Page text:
Home Inventory: How To Take and Keep Home Inventory Records

Most of us don’t have and will never need a home inventory. I know, that’s a great way to get you interested in doing one. But the truth is that if you do encounter a disastrous situation where you need to know what you have and how to replace it, a home inventory will prove invaluable.

There are a lot of apps and software programs that you can buy to help you with taking a home inventory, but the truth is that you can do this with your own camera, computer, and scanner.

Start by setting up a spreadsheet with tabs for each room plus one separate tab for electronics. This will help you organize everything.

Next, pick a room and start. List each item in the spreadsheet. List the item’s name, brand, model number, serial number, and  purchase price.

After you have the information for an item listed, scan in any manuals, warranties, receipts, and other paperwork into your computer. Save these scans in a file labeled with the item name.

The third step is to take a photograph of the item. If possible, take one of the face of the item and another of the items tag or sticker with model and serial number. Save these photos in the same file as the scans of documents related to the file.

The last step is to back up everything! Be sure that these files are on your computer and on another storage device. Use a flash drive that is with your emergency binder or go bag so that you can grab it and go in the event of a fire or disaster. For added security, consider using an online file storage system, like Dropbox, to keep the files accessible from any location. If you don’t have a Dropbox account and would like to start one, please contact me and I will send you the information. This is a free online storage and sharing system. You can pay for additional storage if needed, but I have found that the free storage is plenty for my needs.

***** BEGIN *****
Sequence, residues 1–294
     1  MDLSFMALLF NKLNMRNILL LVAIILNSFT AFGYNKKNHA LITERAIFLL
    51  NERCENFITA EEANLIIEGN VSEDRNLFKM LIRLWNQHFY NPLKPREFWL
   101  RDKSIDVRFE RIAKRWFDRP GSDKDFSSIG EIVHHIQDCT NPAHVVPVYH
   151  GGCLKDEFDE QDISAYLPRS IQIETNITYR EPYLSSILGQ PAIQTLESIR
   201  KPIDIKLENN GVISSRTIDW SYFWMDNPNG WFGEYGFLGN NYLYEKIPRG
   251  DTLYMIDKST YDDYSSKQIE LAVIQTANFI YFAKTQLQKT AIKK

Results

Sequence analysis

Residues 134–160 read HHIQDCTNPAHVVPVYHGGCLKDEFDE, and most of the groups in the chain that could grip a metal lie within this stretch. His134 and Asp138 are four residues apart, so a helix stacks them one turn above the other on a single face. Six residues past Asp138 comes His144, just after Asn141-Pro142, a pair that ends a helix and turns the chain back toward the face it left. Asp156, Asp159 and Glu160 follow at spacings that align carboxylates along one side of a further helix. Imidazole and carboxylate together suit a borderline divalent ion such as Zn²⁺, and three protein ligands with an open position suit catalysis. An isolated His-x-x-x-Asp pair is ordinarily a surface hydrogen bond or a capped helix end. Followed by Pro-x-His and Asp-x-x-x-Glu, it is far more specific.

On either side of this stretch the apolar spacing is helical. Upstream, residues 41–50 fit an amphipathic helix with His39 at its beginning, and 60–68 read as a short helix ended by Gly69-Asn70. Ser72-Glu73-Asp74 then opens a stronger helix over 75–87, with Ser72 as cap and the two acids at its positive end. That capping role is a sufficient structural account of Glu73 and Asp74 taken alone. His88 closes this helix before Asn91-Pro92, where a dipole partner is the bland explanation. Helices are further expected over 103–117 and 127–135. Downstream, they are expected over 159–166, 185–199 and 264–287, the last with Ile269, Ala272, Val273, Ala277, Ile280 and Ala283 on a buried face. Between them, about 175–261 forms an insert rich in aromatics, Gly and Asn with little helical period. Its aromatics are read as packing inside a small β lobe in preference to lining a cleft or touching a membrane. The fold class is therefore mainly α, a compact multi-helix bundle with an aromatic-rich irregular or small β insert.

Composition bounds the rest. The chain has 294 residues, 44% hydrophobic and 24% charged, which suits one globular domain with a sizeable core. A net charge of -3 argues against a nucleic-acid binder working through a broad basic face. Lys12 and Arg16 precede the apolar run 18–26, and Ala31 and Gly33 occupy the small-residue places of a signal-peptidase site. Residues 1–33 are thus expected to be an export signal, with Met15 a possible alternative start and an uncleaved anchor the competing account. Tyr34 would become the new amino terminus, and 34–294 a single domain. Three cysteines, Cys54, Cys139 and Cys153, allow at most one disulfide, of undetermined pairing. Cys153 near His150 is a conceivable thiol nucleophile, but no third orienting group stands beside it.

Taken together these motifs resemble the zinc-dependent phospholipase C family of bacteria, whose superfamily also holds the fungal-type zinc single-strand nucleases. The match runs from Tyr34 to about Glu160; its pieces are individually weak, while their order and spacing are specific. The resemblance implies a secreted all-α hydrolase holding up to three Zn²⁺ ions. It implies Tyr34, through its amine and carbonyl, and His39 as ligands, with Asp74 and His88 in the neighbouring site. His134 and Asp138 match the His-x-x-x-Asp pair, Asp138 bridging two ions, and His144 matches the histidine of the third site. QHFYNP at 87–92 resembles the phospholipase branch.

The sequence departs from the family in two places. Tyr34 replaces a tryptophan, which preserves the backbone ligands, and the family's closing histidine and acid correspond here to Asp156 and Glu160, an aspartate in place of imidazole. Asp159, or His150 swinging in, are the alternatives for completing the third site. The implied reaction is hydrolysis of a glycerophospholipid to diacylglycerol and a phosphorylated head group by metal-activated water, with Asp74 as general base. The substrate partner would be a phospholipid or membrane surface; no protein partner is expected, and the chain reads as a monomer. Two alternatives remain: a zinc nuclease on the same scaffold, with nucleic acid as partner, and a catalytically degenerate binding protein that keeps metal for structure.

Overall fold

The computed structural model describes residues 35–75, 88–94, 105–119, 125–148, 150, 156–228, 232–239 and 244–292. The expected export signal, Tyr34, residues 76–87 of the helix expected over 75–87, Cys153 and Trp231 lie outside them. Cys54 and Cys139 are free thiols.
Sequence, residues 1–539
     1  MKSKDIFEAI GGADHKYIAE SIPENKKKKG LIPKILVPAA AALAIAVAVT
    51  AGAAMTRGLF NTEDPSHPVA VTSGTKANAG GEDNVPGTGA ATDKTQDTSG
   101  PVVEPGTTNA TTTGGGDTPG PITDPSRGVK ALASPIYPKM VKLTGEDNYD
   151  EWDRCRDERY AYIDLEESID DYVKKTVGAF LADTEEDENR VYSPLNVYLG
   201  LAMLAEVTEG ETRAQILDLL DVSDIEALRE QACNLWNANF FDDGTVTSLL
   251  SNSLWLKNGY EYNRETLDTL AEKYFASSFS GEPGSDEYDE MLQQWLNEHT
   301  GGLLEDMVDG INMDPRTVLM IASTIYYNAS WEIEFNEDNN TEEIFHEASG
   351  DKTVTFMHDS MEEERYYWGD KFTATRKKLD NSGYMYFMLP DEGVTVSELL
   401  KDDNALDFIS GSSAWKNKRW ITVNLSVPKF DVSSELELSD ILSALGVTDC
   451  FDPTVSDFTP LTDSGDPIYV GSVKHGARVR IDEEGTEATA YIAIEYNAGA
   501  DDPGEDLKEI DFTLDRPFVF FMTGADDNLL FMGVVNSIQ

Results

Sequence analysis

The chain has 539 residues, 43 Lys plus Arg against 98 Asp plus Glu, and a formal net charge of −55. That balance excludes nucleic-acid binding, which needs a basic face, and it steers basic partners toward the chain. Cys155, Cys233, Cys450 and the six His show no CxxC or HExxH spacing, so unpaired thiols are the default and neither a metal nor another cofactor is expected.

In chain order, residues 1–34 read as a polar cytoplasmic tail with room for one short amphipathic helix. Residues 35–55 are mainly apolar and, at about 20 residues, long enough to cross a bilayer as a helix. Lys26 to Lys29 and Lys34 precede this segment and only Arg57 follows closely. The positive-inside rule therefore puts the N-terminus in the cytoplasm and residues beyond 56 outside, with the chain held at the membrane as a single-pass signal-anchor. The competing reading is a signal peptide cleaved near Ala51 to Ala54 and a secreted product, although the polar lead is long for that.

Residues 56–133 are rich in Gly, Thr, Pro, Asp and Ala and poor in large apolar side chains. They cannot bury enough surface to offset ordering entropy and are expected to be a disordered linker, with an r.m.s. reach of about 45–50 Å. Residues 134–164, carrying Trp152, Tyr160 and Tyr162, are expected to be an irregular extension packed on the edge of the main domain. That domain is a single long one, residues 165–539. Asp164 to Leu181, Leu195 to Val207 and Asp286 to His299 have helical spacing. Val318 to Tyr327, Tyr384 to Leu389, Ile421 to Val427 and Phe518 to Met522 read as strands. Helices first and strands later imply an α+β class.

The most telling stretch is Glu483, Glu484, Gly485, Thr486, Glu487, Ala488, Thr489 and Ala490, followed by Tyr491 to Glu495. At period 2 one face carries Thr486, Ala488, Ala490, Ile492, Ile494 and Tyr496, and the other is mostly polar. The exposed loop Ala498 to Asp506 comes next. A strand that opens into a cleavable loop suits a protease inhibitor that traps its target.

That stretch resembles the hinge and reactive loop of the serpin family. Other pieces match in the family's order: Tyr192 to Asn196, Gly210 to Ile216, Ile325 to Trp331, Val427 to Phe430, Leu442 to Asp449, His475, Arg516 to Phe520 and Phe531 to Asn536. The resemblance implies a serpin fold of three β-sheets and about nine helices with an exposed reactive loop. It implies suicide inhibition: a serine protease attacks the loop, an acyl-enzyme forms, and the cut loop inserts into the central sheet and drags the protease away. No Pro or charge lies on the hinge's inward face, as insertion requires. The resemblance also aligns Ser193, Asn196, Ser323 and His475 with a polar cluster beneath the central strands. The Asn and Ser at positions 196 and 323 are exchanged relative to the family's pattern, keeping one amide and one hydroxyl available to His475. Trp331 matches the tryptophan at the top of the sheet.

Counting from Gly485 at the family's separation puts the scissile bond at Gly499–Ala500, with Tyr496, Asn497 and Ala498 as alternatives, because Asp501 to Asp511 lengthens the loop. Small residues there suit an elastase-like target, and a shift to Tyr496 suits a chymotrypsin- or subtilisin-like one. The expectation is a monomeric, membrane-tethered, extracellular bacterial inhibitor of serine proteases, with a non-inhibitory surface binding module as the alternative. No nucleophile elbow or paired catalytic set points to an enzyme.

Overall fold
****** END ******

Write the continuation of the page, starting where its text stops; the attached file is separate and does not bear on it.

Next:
Tea Tree Oil Spray: Natural Disinfectant

Tea Tree Oil is becoming increasingly popular for uses around the house. This amazing natural oil has incredible disinfectant properties. Tea Tree Oil can be used to make household cleaners that remove mold and mildew, as well as for various health purposes.

Tea Tree Oil Cleaning Spray:0060538881745_500X500

  • 2 tablespoons Tea Tree Oil
  • 2 cups of water

Combine in a spray bottle and use this as a bath and kitchen cleaner or anywhere mold or mildew occurs. You can also use this spray as a disinfectant on children’s toys, on anything where someone sick has been, and on doorknobs and other areas that get touched by a lot of people and harbor germs.

Saturday Project: Spa Wrap

sassyspawrapfinal_thumbWho doesn’t love a spa day?! Of course this is a very rare indulgent because I actually love saving money more! But I have found a project that can bring a touch of the spa home. Check out Centsational Girl’s tutorial for making your own spa wrap form a large bath towel, some pretty fabric, and a washcloth!

Week of 3/11 Menus



Breakfast Menu:
M: Eggs
T: Chocolate Zucchini Bread
W: Oatmeal
Th: Scones
F: Egg sandwiches
S: Egg braid bake
S: cereal/eggs/oatmeal
Dinner Menu:
M: Meatloaf, potatoes, corn
T: Chicken tender salad
W: Hot dogs, veggie stick
Th:St. Louis Style Pizza
F: Chipped beef on toast, peas
S: Tacos
S: Beef Roast (slow cooker with potatoes & carrots)


Homemade Glass & Whiteboard Cleaner

Since we home school our dining room has not one, but two whiteboard. Because our youngest is 4 we have hand, nose – even an ear – print on everything under 4 feet high, especially windows and glass doors. Because of this I clean boards and glass a lot. Here is a great recipe for making your own glass & whiteboard cleaner: Our Home School Space

1/4 white vinegar

2 tbsp rubbing alcohol

That’s it! You can put this in a spray bottle or just pour some out on a cloth to clean glass & whiteboards.